Snap poll gives Ukip victory in Europe debate

Nigel Farage performed well in his debate with pro-EU Lib Dem leader Nick Clegg

Deputy prime minister Nick Clegg (right) and Ukip (UK Independence Party) leader Nigel Farage, debate on Britain’s future in the European Union. Photograph:  Ian West/WPA/ Getty Images

Deputy prime minister Nick Clegg (right) and Ukip (UK Independence Party) leader Nigel Farage, debate on Britain’s future in the European Union. Photograph: Ian West/WPA/ Getty Images


Nigel Farage went to Dulwich College, a fee-paying secondary public school in south London founded in 1619 by Edward Alleyn, a famous actor, entrepreneur and one of the most colourful figures of his day.

Farage has inherited some of Alleyn’s traits. His love of the past is epitomised by a school that gave, in the words of another former pupil, PG Wodehouse, “six years of unbroken bliss”.

On Wednesday, the UK Independence Party leader dropped in for a pint at the Westminster Arms before travelling on for his hour-long debate about the EU with Liberal Democrat Nick Clegg.

He likes his pint, does Farage. It – and the nearly ever-present packet of Rothmans – delivers a message to British voters: that he is not, whether one likes or loathes him, like other politicians.

For now, nobody knows how many people listened to the debate on the London-based LBC radio, though it was carried live online.

But snapshots of public opinion gave it to the Ukip leader.

Curiously, most of the watching press gave it to Clegg.

But the central point is that Farage and Clegg can walk away reasonably content, particularly the latter who has labelled himself as Britain’s most pro-EU leader.

Winners and losers
The real losers from Wednesday night’s debate were the two party leaders who were not there: Conservative prime minister David Cameron and Labour Party leader Ed Miliband – particularly the former.

Sometimes, the talk about who won, or lost, can come to be the end-all of political discourse. Clegg benefited from this in 2010 when he was the new kid on the block. Farage is now getting his turn.

The question is whether it will last. Halfway in, it became clear that Farage is not used to debating with quality opposition.

Clegg, whatever his faults, is.

Clegg scored a significant point for the constituency he is courting when he needled Farage into saying that he had “not voted in 15 years” for one piece of legislation advanced by the European Commission.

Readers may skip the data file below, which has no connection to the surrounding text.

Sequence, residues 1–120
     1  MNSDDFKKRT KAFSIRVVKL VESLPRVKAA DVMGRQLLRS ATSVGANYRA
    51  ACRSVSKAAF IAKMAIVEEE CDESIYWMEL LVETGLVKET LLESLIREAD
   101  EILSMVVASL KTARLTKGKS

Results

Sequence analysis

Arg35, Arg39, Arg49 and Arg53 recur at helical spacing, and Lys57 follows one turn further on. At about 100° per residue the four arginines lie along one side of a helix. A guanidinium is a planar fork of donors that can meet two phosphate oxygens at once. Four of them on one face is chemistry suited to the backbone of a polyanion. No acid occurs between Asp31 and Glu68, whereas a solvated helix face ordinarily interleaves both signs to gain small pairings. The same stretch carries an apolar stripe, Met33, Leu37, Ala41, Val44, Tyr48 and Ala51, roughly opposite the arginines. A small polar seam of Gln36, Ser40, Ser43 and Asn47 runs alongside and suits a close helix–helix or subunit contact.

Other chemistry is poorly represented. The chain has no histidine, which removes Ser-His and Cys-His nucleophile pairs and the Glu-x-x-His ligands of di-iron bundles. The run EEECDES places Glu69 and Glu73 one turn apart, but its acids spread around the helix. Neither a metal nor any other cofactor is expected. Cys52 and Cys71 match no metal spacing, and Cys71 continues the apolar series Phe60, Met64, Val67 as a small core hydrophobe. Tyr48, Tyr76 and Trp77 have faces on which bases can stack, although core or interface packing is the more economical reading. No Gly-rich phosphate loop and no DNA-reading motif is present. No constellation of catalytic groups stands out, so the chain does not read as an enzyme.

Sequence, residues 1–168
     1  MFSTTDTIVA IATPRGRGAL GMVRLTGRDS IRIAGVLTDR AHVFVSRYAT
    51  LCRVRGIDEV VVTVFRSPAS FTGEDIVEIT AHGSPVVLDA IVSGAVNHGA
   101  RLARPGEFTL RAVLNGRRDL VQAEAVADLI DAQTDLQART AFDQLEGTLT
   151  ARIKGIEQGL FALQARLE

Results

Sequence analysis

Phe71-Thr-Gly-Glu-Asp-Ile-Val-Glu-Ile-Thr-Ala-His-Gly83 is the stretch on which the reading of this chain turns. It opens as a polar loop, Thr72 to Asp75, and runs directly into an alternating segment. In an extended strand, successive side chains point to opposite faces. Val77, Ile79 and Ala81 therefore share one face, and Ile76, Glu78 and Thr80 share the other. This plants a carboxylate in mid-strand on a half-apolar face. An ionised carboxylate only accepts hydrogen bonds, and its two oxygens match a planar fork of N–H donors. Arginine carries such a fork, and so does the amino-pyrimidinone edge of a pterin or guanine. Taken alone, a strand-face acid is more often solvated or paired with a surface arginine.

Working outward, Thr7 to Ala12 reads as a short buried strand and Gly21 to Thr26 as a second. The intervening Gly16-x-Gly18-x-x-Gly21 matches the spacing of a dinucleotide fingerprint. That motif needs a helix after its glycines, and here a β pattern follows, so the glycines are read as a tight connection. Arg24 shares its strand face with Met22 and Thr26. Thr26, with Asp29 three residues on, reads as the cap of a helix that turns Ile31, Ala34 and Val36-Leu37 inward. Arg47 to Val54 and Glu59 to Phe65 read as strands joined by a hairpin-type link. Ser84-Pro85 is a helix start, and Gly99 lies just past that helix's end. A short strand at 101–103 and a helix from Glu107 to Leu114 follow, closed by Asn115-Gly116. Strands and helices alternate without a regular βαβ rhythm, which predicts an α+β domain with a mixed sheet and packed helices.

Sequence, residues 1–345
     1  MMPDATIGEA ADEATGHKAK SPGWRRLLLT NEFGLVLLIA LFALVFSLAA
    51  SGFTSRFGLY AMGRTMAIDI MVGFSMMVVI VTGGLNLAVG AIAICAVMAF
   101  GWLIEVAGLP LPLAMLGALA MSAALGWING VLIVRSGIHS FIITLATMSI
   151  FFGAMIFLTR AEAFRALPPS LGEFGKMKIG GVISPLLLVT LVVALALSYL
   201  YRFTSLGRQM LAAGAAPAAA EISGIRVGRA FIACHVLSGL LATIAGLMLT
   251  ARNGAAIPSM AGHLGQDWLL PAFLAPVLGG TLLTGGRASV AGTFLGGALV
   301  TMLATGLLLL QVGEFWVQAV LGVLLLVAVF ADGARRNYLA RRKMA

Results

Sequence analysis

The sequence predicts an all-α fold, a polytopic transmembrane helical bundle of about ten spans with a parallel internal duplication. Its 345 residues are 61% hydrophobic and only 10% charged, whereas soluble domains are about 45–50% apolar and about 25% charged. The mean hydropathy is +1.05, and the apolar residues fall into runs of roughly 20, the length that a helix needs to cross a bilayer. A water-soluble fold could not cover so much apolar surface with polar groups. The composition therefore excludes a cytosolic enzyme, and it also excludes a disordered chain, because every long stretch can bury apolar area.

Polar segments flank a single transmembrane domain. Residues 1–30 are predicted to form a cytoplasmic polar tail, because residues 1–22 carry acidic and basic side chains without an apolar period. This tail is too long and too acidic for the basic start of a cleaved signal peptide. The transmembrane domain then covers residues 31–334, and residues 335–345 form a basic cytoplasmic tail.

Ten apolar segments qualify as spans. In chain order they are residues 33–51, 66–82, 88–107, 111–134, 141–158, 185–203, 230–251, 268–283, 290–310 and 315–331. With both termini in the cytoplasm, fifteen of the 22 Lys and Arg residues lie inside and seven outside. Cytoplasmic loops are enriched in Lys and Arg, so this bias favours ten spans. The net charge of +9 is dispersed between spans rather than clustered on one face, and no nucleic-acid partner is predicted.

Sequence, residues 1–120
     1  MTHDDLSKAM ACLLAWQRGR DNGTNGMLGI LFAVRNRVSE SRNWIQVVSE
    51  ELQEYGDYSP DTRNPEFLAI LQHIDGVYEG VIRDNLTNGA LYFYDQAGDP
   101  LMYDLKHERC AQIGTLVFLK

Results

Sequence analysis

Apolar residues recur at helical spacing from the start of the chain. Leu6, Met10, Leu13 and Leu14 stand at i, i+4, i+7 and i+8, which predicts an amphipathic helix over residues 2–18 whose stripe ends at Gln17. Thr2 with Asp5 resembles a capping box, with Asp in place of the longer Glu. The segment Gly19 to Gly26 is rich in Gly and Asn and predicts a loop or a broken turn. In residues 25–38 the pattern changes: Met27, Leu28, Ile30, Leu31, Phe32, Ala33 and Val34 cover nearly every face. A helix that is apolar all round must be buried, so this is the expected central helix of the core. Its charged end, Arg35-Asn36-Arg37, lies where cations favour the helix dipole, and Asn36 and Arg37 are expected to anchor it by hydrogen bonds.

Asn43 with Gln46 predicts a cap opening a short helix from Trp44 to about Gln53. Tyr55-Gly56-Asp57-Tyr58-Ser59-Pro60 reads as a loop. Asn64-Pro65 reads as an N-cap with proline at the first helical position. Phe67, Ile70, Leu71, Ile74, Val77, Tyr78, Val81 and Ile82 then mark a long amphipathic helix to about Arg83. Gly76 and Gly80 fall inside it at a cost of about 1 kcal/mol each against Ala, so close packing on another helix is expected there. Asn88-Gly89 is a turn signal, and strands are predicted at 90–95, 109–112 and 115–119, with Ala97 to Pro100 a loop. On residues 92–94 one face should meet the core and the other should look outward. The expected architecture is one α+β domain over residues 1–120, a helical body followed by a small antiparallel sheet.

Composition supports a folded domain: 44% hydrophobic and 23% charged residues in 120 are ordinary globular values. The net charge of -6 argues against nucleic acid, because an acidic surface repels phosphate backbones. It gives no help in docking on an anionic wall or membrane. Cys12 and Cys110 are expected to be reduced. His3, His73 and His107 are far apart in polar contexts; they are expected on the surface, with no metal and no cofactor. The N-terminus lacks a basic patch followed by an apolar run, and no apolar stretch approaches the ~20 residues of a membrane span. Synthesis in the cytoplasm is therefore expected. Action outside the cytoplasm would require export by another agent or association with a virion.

This, said Clegg, meant Farage has refused to support EU-wide measures that make sense, such as greater protection for EU tourists in other member states.

However, facts do not matter much if a politician is in tune with public sentiment. And British public sentiment is increasingly cantankerous about immigration – it is less obsessed by the EU, which explains why Ukip talks mostly after the former issue.

Clegg made much of the argument that the British public will get a vote – the next time it is proposed – that the UK should pool sovereignty with other EU states/cede powers to Brussels (choose according to taste).

In reality, a significant percentage of people – one, admittedly hard to quantify – who would vote Yes to continued EU membership think it is quite reasonable that the public’s opinion should be asked for the first time since 1975.

The snapshot opinion poll conducted by YouGov leaned towards producing good figures for Farage since it was “skewed towards older people, more middle-class people, broadsheet readers and also people who identified with Ukip”, said the company.

Some of these people were targeted by Tory chancellor of the exchequer George Osborne in last week’s budget, where he changed pension rules which compelled pensioners to buy an annuity.

Similarities between the debate over the UK’s EU membership and the debate in Scotland over independence are becoming increasingly pronounced.

In Scotland, voters are beginning to bridle against the London-led narrative that economic doom awaits if Scots break away. The numbers, so far, are not enough to deliver a Yes vote, but the momentum is one way.

On the EU, it is striking that research shows British voters noting warnings from multinational companies that future investment, if not existing jobs, may be jeopardised by a UK exit from the EU.

But just because a majority of them recognise that an exit would hold dangers does not mean they like the messenger, be it Clegg or the Confederation of British Industry.

However, Farage is the one seen by some as the voice of the future.